Last Tuesday was her first day of high school. I barely recognized the eager young woman who left the house that morning wearing her new uniform and a brilliant smile. She came home bubbling with excitement over her classes, her teachers, and the new friends she’d made.

I still sigh sometimes over things my kids missed out on while we were away, but for the most part I’ve put doubt and self-recrimination behind me. Although expat life has its downside, my daughters are grateful for the opportunities they’ve had. They saw more of the world in their five years overseas than many people do in a lifetime. Exposure to different cultures has endowed them with remarkable maturity, adaptability, a sense of independence, and an open-minded approach to life — not to mention top-notch language, social, and cross-cultural skills. (And lest you think I’m suffering from My-Kids-Are-Perfect Syndrome, let me point out that teachers and other non-related adults have made the same observations.)

I’m sure the day will come — soon, probably — when I’ll feel the need to write about the less agreeable legacies of expatriating with young’uns. But for now, I’m going to bask in the absolute joy of knowing that choosing to raise our children overseas was the best parenting decision we’ve ever made.

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About Maria

I'm a Canadian repatriate, former expat spouse, mother to two TCKs (and one yellow Lab), mentor to new immigrants, writer, reader, world traveller (grounded for now). I write about expat/repat issues and am still trying to figure out my place in the world.
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13 Responses to My Velcro® Baby has blossomed: Why expat life was good for my kids

  1. Thanks for this. We’ve just moved from Manhattan to Sao Paulo, Brazil with our two-year-old. There was a rough time when she burst into tears every time I spoke in Portuguese (obviously terrified that one of her only connections to communication was being lost). But now we are in month three and she is adjusting. It’s good to know that the expat life was beneficial for your daughter.

  2. Maria says:

    Two is such a great age — your daughter can’t even twist your words and use them against you yet! :) I’m actually jealous of the opportunities ahead of her, especially since she has a parent who speaks the target language fluently. (I learned that by reading your excellent blog.) Good luck with your new life in Brazil — and please don’t stop writing about it.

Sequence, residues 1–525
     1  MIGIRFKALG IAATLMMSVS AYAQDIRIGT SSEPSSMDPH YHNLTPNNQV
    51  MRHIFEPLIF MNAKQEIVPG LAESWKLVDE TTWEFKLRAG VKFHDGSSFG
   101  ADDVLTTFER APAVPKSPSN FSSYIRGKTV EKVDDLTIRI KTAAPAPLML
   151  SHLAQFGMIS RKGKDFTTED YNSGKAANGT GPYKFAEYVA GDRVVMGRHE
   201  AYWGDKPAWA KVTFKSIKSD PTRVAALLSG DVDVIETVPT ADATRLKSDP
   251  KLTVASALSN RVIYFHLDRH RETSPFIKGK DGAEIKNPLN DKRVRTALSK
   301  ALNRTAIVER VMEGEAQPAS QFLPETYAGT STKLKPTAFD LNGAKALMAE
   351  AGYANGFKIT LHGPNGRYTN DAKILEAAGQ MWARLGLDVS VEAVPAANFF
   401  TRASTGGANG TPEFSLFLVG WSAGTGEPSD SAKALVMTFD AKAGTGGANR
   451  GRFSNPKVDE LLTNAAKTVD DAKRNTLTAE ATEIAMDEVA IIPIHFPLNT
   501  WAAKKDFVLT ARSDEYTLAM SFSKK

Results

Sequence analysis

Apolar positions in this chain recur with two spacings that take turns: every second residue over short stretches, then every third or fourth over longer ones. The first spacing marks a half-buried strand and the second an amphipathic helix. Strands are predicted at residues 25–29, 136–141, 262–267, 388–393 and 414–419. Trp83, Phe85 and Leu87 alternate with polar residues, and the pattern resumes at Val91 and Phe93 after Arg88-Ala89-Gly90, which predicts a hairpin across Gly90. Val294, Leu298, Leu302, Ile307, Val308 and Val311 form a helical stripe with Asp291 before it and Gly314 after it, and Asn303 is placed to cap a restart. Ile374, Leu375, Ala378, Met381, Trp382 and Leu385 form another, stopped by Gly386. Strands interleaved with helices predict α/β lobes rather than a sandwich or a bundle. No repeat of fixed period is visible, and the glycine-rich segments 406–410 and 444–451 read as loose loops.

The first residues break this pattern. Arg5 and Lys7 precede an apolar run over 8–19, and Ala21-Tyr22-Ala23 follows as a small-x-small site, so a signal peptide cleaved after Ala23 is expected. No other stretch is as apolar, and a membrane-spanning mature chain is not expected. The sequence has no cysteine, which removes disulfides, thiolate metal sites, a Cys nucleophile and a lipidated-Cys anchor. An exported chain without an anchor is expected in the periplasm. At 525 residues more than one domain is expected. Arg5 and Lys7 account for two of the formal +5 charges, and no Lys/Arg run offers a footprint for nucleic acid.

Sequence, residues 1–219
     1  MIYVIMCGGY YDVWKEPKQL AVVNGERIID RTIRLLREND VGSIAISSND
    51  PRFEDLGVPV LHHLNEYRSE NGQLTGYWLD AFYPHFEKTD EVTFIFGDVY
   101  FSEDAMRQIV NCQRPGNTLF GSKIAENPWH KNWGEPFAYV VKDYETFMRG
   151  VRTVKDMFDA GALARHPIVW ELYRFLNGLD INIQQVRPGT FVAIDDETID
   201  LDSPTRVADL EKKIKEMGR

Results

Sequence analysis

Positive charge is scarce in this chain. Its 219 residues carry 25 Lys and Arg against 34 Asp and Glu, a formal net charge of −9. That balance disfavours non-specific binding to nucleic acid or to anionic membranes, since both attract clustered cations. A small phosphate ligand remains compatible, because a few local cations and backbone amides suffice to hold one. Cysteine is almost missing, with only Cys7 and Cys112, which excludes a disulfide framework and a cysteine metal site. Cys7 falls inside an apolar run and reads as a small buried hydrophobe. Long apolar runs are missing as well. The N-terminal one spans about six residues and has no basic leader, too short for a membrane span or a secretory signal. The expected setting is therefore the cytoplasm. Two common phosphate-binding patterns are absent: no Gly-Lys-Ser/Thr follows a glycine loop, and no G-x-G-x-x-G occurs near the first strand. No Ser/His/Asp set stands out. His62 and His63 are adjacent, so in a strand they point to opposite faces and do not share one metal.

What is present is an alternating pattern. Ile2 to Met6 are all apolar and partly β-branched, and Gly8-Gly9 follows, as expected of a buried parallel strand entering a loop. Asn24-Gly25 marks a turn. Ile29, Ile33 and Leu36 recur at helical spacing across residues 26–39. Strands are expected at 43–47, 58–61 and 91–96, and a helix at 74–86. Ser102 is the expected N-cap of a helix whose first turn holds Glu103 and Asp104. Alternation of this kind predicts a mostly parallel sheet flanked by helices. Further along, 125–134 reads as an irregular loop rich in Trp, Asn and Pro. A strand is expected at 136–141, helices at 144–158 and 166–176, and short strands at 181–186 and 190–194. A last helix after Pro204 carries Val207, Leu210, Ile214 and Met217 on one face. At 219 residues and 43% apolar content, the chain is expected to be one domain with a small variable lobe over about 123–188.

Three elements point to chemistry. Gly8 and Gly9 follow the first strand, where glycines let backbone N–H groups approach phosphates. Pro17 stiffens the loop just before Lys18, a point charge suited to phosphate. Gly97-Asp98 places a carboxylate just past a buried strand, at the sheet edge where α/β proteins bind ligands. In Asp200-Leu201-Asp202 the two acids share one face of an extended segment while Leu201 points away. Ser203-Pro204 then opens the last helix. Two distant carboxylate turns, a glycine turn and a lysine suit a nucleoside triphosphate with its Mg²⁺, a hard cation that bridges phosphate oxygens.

3. bookjunkie says:

    It’s so wonderful that your little girl is a world traveller. I am so glad she liked Singapore.

  4. blobbyblobblob says:

    I’m sure having supportive, loving parents helped them. I think the real problems with being a TCK occur when parents are unloving and/or even abusive. Your kids sound very lucky.

    • Maria says:

      Thanks so much! I’ll be sure to show them this comment. ;)

      • blobbyblobblob says:

        You’re kidding, right? It’s just that I can’t imagine the “you’re so lucky” message being put across in a non-hateful/resentful way (due to this having been my unfortunate experience – a very bad combo: abusive parents and constant moving).

      • Maria says:

        Not kidding at all. There are both positives and negatives about being a TCK, and my kids are lucky in that their experiences were mostly positive. There’s nothing positive about having abusive parents though, and I’m sorry your experience wasn’t good.

  5. blobbyblobblob says:

    I guess I can’t imagine, as a kid, being shown a post where someone says I sound lucky, and anything good coming of it :) (Though the internet wasn’t around when I was growing up, anyway.)